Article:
So, you may have heard about this Destinations Show? What is it, you ask? It is the only FREE travel, culture and entertainment show in London and is the first of its kind. It will be held on Saturday 18th February from 10am – 6pm at the Ibis Hotel Earls Court and will comprise of a jam-packed schedule. For more information on this event and to RSVP go here.
It’s almost that time of year again for everyone to wear the red poppy. The reason we wear the red poppy? These flowers grew on the battlefields after World War I ended and is now used as a symbol of commemoration.
ANZAC Day, which falls on the 25th April each year, is a day which is very important for a lot of Aussie and Kiwis. It is a day of remembrance for the soldiers who fought and died at Gallipoli, Turkey in 1915.
“Travel while you’re young and able. Don’t worry about the money, just make it work. Experience is far more valuable than money will ever be.” – This quote really rings home. Life is too short to not travel and the world is too large to not want to travel. We ought to spend our money on experiences such as travel instead of things such as a new car. Experiences can offer a life time of gratifying memoirs. The things we obtain in life, in the other instance, rapidly become familiar and forgotten to us.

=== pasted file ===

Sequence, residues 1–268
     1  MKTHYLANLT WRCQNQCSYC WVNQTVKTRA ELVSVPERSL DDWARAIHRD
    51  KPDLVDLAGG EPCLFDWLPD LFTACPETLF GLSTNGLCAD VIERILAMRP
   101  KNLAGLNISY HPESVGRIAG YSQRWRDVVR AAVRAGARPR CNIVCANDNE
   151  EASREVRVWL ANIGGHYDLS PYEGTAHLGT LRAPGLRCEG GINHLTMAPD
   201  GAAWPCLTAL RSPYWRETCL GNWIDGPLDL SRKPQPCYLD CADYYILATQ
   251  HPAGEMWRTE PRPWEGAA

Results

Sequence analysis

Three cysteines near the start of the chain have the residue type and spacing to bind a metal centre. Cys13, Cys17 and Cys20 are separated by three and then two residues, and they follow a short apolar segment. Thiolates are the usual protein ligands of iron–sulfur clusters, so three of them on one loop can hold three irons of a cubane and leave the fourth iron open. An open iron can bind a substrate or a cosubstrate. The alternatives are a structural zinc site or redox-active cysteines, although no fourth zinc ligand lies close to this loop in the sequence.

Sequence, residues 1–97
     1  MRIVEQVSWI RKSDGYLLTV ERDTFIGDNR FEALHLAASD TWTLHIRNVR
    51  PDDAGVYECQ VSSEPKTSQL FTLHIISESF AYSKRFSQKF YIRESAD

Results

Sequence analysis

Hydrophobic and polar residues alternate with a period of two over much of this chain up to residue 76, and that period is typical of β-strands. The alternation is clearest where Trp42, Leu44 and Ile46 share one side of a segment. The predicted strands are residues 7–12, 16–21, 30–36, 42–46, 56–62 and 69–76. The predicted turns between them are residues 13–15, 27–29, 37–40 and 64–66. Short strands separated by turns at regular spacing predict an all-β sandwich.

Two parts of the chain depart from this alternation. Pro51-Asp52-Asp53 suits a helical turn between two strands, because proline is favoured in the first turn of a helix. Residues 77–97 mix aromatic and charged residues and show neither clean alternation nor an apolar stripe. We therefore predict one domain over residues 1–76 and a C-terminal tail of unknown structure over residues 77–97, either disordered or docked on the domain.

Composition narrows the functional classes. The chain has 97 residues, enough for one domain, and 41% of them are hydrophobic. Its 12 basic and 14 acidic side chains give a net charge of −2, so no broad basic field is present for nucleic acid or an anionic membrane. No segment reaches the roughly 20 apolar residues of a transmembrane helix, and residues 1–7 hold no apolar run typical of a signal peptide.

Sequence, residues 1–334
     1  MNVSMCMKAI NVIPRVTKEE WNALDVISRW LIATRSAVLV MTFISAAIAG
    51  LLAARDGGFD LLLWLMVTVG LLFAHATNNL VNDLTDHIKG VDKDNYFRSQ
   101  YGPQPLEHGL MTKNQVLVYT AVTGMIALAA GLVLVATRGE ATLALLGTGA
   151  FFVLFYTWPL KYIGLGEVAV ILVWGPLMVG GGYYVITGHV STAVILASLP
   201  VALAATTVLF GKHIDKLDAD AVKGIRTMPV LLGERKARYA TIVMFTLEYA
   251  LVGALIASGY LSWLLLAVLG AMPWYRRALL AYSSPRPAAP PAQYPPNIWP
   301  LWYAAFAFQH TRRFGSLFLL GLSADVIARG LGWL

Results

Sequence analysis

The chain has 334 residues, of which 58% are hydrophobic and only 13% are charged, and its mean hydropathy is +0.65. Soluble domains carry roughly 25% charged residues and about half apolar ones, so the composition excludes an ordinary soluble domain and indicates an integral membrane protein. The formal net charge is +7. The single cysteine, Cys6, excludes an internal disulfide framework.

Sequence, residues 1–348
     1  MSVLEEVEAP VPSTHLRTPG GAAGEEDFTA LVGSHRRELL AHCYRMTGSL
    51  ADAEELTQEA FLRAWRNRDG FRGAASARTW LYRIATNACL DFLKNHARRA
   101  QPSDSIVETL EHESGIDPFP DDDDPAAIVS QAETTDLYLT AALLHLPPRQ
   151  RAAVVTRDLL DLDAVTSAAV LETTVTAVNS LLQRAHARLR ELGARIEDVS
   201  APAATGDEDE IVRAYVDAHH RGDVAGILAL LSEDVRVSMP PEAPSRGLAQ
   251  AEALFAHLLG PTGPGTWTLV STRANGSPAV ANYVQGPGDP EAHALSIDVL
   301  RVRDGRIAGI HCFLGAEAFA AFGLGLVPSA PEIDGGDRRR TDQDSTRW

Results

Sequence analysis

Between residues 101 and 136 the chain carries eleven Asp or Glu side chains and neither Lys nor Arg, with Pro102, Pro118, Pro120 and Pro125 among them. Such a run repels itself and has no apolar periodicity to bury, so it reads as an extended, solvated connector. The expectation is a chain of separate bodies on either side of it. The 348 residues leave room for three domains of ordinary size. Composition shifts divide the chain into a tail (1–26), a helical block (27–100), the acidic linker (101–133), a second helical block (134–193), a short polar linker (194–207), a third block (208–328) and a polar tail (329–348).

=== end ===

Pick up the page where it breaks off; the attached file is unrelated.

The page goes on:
Here are some reasons as to why you should spend your money on travel.
Travel is not just a movement; it is progression – progression of you. There is always an excuse; not enough money, not enough time, I’ve never travelled before, I’m stuck with my job, I don’t have anyone to go with, travelling is too dangerous and the list goes on. We should all travel but our greatest limitations are from within. Travel is stepping out of your comfort zone into the unknown. Travelling the globe offers fascinating fundamentals that will enable us develop and discover ourselves. Consequently, it is imperative to stop making justifications and hit the highway. One word: Wanderlust (n.) A strong desire or urge to wander or travel and explore the world.
Here are 15 quotes that will make to want to travel the world now!
Istanbul and imageries of an expansive metropolis with an astonishing cultural and architectural heritage comes to mind. Visitors will find a melting pot of Eastern and Western history spanning some 2,000 years in a city that is ancient yet modern. The largest city in Turkey is not only one of the most popular locally but a favourite destination for international tourists.
The day of the 25th April, 2015, as any Australian or New Zealander will tell you, is a highly significant event on the calendar. The day marks the 100th anniversary of the landing in Gallipoli during World War I, one of the most notable examples of the bravery of the Australian and NZ armed forces.
In 1915, the Allied army of Australia and NZ fought to capture the Gallipoli peninsula in Turkey. The resulting conflict led to great loss of life, with nearly 13,000 Australian and New Zealand soldiers being killed.
Each year, ANZAC Day commemorates this occasion; and the 100th anniversary services promise to be a remarkable event. If you’ve managed to secure a ticket, but have yet to book your ANZAC Day tour, here are a few ideas to whet your appetite.